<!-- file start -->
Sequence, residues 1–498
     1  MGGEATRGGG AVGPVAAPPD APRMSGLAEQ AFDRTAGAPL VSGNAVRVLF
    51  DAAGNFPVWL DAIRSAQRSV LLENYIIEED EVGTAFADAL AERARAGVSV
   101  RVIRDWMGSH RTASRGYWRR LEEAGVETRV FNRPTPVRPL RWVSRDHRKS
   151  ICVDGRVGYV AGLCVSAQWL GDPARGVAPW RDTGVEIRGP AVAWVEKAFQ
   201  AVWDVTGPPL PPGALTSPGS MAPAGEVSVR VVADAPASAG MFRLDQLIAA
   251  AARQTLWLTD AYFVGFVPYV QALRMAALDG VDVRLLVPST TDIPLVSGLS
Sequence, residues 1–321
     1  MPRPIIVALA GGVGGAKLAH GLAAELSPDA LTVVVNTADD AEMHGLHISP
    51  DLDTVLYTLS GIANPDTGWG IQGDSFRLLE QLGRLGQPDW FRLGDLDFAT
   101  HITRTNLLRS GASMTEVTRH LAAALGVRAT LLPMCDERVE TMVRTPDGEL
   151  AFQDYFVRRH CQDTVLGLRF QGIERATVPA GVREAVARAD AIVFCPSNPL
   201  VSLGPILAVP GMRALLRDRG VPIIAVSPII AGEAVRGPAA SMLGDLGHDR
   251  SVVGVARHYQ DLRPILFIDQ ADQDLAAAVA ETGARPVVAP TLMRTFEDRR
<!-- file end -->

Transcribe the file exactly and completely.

Sequence, residues 1–498
     1  MGGEATRGGG AVGPVAAPPD APRMSGLAEQ AFDRTAGAPL VSGNAVRVLF
    51  DAAGNFPVWL DAIRSAQRSV LLENYIIEED EVGTAFADAL AERARAGVSV
   101  RVIRDWMGSH RTASRGYWRR LEEAGVETRV FNRPTPVRPL RWVSRDHRKS
   151  ICVDGRVGYV AGLCVSAQWL GDPARGVAPW RDTGVEIRGP AVAWVEKAFQ
   201  AVWDVTGPPL PPGALTSPGS MAPAGEVSVR VVADAPASAG MFRLDQLIAA
   251  AARQTLWLTD AYFVGFVPYV QALRMAALDG VDVRLLVPST TDIPLVSGLS
Sequence, residues 1–321
     1  MPRPIIVALA GGVGGAKLAH GLAAELSPDA LTVVVNTADD AEMHGLHISP
    51  DLDTVLYTLS GIANPDTGWG IQGDSFRLLE QLGRLGQPDW FRLGDLDFAT
   101  HITRTNLLRS GASMTEVTRH LAAALGVRAT LLPMCDERVE TMVRTPDGEL
   151  AFQDYFVRRH CQDTVLGLRF QGIERATVPA GVREAVARAD AIVFCPSNPL
   201  VSLGPILAVP GMRALLRDRG VPIIAVSPII AGEAVRGPAA SMLGDLGHDR
   251  SVVGVARHYQ DLRPILFIDQ ADQDLAAAVA ETGARPVVAP TLMRTFEDRR